News from the Tennessee Valley Opinion


Proof of citizenship welcome requirement

A new federal law, to take effect July 1, will require recipients to show proof of U.S. citizenship to qualify for Medicaid benefits.

It is a welcome next step in the struggle to get a handle on the skyrocketing cost of providing health care and other benefits to a growing illegal alien population not entitled to such assistance.

A person must be a citizen or qualified legal alien to receive Medicaid benefits. Beginning July 1, Alabama will deny benefits to those who fail to show proof of citizenship and identity, such as a birth certificate and driver license, at the time of the recipient's annual review. Potential Medicaid recipients must provide the required documentation before being awarded government-funded medical care. Moreover, the state will no longer provide health care benefits to those who are ineligible but currently receiving Medicaid assistance.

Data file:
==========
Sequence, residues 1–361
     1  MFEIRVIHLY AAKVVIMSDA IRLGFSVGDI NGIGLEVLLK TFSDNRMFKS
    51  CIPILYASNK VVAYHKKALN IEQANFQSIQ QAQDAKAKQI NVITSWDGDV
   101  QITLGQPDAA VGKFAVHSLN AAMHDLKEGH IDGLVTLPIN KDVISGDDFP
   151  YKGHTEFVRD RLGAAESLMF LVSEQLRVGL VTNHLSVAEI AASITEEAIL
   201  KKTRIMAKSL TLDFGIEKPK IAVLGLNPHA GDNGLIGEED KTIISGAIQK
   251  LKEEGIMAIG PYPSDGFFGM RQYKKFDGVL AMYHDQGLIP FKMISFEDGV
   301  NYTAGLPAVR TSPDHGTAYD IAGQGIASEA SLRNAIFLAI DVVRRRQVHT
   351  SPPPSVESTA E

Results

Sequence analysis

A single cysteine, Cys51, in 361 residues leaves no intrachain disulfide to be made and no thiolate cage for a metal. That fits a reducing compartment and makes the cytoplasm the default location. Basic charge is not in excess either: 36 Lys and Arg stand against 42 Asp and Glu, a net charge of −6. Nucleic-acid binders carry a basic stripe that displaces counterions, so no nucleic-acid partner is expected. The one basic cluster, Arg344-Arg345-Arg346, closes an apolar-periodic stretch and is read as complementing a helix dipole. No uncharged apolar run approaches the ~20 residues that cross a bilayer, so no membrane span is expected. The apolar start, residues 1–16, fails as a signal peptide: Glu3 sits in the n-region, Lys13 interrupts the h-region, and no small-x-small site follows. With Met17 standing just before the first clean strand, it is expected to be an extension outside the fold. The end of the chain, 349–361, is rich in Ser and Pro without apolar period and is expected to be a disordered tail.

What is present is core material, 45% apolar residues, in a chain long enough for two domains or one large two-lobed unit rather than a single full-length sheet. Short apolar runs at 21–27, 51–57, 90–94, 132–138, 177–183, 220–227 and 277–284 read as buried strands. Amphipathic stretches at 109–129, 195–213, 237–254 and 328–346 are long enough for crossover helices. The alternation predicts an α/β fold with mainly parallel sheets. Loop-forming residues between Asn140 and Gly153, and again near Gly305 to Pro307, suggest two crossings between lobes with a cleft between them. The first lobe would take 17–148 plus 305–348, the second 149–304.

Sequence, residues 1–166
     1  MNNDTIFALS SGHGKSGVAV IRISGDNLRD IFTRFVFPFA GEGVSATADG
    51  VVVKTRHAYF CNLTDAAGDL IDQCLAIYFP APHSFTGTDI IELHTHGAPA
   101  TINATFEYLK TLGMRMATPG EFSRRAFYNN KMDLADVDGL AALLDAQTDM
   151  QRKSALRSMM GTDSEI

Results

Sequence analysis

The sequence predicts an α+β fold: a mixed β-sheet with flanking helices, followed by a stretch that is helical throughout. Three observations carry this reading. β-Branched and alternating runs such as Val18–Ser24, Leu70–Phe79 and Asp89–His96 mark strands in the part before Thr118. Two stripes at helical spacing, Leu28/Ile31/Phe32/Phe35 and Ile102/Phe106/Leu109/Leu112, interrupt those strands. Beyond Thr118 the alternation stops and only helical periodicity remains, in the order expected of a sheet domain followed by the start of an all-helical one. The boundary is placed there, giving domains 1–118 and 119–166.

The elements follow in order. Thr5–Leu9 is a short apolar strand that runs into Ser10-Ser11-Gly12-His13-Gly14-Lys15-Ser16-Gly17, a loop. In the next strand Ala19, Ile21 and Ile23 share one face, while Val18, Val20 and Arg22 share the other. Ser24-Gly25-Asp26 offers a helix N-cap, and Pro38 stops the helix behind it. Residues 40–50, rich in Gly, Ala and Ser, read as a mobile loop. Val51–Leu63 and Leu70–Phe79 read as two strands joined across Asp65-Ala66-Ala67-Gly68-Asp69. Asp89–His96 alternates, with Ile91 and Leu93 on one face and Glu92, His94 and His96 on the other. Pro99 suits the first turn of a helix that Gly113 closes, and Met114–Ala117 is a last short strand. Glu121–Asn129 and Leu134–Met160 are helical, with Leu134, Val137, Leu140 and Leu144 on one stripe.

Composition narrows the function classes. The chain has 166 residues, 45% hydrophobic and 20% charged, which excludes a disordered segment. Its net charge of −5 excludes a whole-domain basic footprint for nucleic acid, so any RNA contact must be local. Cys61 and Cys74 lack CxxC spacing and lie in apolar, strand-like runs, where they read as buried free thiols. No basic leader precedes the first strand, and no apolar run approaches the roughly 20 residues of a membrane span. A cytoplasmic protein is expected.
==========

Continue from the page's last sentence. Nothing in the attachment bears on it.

More than 900,000 individuals receive $4 billion in publicly funded Medicaid benefits in Alabama each year. Medicaid ensures that the neediest among us receive health care.

But the burgeoning illegal alien population places a strain on government-funded health care and makes it difficult to provide aid to those who need it most.

Alabama officials say they are prepared to enforce the new documentation requirement. They are educating health care providers and beneficiaries about the new requirement.

Working men and women in Alabama help fund Medicaid through payroll and other taxes. It is appropriate to require those who receive the benefits to prove they are eligible.

Denying Medicaid benefits can also eliminate one of the incentives for foreigners to come here illegally.

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